A liquid comes in handy sometimes in measuring the volume of a substance where the length, breadth, and thickness is difficult to get at. It is a very simple operation, only requiring the material to be plunged under water and measure the amount of displacement by giving close attention to the overflow. It is a process that was first brought into use in the days when jewelers and silversmiths were inclined to be a little dishonest and to make the most of their earnings out of the rule of their country. If we remember rightly, the voice of some one crying "Eureka" was heard about that time from somebody who had been taking a bath up in the country some two miles from home. Tradition would have us believe that the inventor left for the patent office long before his bathing exercises were half through with, and that he did the most of his traveling at a lively rate while on foot, but it is more reasonable to suppose that bath tubs were in use in those days, and that he noticed, as every good philosopher should, that his bathing solution was running over the edge of the tub as fast as his body sunk below the surface.

Taking to the heels is something that we hear of even at this late day.

The Mechanics Of A Liquid 643 7a

It was not many years ago that an inventor of a siphon noticed how water could be drawn up hill with a lamp wick, and the thought struck him that with a soaking arrangement of this kind in one leg of the siphon a flow of water could be obtained that would always be kept in motion. Without taking a second thought he dropped his work in the hay field, and ran all the way to London, a distance of twenty miles, to lay his scheme before a learned man of science. He must have felt like being carried home on a stretcher when he learned that a performance of this kind was a failure. Among the others who have given an exhibition of this kind we notice an observer who was more successful. Being an overseer in a cotton mill, he had only to run over to his dining room and secure two empty fruit jars and pipe them up, as shown. He had had trouble in measuring volume by the liquid process by having everything he attempted to measure get a thorough wetting, and there were many substances that were to be experimented upon that would not stand this part of the operation, such as fibers and a number of pulverized materials. One of the jars was packed in tight, nearly half full of cotton, and the other left entirely empty.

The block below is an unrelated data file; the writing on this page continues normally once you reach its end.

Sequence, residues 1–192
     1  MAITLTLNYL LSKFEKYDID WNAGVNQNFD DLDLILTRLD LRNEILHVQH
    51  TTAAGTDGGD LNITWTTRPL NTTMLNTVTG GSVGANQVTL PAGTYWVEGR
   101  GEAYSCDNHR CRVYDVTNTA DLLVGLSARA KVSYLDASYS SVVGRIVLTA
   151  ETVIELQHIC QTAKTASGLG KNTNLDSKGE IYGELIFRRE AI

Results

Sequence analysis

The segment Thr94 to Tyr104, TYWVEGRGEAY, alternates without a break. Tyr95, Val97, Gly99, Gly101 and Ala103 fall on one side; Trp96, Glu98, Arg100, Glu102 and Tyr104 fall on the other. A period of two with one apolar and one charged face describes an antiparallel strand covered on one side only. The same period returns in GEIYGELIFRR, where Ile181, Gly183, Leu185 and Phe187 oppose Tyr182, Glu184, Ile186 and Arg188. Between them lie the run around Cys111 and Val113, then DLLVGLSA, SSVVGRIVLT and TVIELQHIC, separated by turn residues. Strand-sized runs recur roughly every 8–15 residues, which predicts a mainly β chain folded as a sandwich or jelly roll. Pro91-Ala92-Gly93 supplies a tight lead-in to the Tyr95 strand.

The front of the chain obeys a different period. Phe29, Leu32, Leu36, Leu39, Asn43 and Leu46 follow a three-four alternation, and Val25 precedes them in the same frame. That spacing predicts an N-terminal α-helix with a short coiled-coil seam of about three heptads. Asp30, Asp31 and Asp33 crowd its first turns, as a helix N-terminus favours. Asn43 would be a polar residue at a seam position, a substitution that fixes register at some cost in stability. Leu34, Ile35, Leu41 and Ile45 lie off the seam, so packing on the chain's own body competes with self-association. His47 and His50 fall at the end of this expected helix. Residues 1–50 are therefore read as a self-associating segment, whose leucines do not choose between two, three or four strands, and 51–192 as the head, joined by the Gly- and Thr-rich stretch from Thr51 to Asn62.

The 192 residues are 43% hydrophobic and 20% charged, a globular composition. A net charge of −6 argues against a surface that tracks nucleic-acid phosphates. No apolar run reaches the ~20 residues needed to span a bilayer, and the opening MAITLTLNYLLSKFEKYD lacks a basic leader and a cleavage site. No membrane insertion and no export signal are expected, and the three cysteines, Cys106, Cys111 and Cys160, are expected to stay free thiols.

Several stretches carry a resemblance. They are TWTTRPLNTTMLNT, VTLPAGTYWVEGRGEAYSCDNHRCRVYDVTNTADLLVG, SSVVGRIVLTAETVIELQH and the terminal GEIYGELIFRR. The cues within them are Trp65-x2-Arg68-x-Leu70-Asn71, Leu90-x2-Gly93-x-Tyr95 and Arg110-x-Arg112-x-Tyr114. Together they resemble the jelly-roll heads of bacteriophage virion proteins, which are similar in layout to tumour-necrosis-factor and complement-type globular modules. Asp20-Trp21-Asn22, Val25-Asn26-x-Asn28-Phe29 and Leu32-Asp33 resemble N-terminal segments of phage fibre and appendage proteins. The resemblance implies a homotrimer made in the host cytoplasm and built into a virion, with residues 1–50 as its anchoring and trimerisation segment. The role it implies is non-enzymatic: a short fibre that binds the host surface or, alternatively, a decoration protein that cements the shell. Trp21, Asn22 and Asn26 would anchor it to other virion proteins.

The question now is to measure the volume of cotton without bringing any of the fibers in contact with the water. The liquid is poured into the tunnel in the upright tube under head enough to partially fill the jars when the overflow that stands on a level with the line, D E, is open to allow the air in each jar to adjust itself as the straight portions are wanted to work from. The overflow is then closed and head enough of water put on to compress the air in the empty jar down into half its volume. It may take a pipe long enough to reach up into the second story, but it need not be a large one, and pipes round a cotton mill are plentiful. In the jar containing cotton the water has not risen so high, there being not so much air to compress, and comes to rest on the line, C. Now we have this simple condition to work from. If the water has risen so as to occupy half of the space that has been taken up by the amount of air in one jar, it must have done the same in the other, and if it could have been carried to twice the extent in volume would reach the bottom of the jar in the one containing nothing but air, and to the line, H I, in the jar containing cotton.

The fibers then must have had an amount of material substance about them to fill the remaining space entirely full, so that a particle of air could not be taken into account anywhere. The cotton has produced the same effect that a solid substance would do if it just filled the space shown above the line, H I, for the water has risen into half the space that is left below it. This enables an overseer to look into the material substance of textile fibers by bringing into use the elasticity of atmospheric air, reserving the liquid process for measuring volume to govern the amount of compressibility. - Boston Journal of Commerce.